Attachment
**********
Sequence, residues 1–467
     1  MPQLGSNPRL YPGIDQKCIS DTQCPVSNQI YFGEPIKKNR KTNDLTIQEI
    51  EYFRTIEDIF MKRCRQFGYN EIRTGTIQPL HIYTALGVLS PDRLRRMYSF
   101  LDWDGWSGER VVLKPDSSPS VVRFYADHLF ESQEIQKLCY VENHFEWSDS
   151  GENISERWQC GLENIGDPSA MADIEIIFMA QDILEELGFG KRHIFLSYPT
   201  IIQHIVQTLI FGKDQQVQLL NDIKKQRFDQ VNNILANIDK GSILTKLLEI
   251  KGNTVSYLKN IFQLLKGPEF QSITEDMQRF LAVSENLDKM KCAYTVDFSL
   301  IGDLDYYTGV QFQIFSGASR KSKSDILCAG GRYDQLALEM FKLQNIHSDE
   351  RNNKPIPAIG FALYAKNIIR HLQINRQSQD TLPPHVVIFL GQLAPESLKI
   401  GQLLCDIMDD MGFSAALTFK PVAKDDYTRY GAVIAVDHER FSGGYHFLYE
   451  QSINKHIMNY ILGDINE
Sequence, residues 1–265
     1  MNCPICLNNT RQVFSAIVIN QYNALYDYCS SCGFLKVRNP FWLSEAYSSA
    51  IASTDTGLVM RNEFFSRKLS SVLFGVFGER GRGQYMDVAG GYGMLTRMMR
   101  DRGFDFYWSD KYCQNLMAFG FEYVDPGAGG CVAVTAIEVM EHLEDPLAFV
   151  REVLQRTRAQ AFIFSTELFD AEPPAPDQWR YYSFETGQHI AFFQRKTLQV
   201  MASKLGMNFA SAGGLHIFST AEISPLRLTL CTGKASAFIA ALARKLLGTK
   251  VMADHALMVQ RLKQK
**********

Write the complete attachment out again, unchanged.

Sequence, residues 1–467
     1  MPQLGSNPRL YPGIDQKCIS DTQCPVSNQI YFGEPIKKNR KTNDLTIQEI
    51  EYFRTIEDIF MKRCRQFGYN EIRTGTIQPL HIYTALGVLS PDRLRRMYSF
   101  LDWDGWSGER VVLKPDSSPS VVRFYADHLF ESQEIQKLCY VENHFEWSDS
   151  GENISERWQC GLENIGDPSA MADIEIIFMA QDILEELGFG KRHIFLSYPT
   201  IIQHIVQTLI FGKDQQVQLL NDIKKQRFDQ VNNILANIDK GSILTKLLEI
   251  KGNTVSYLKN IFQLLKGPEF QSITEDMQRF LAVSENLDKM KCAYTVDFSL
   301  IGDLDYYTGV QFQIFSGASR KSKSDILCAG GRYDQLALEM FKLQNIHSDE
   351  RNNKPIPAIG FALYAKNIIR HLQINRQSQD TLPPHVVIFL GQLAPESLKI
   401  GQLLCDIMDD MGFSAALTFK PVAKDDYTRY GAVIAVDHER FSGGYHFLYE
   451  QSINKHIMNY ILGDINE
Sequence, residues 1–265
     1  MNCPICLNNT RQVFSAIVIN QYNALYDYCS SCGFLKVRNP FWLSEAYSSA
    51  IASTDTGLVM RNEFFSRKLS SVLFGVFGER GRGQYMDVAG GYGMLTRMMR
   101  DRGFDFYWSD KYCQNLMAFG FEYVDPGAGG CVAVTAIEVM EHLEDPLAFV
   151  REVLQRTRAQ AFIFSTELFD AEPPAPDQWR YYSFETGQHI AFFQRKTLQV
   201  MASKLGMNFA SAGGLHIFST AEISPLRLTL CTGKASAFIA ALARKLLGTK
   251  VMADHALMVQ RLKQK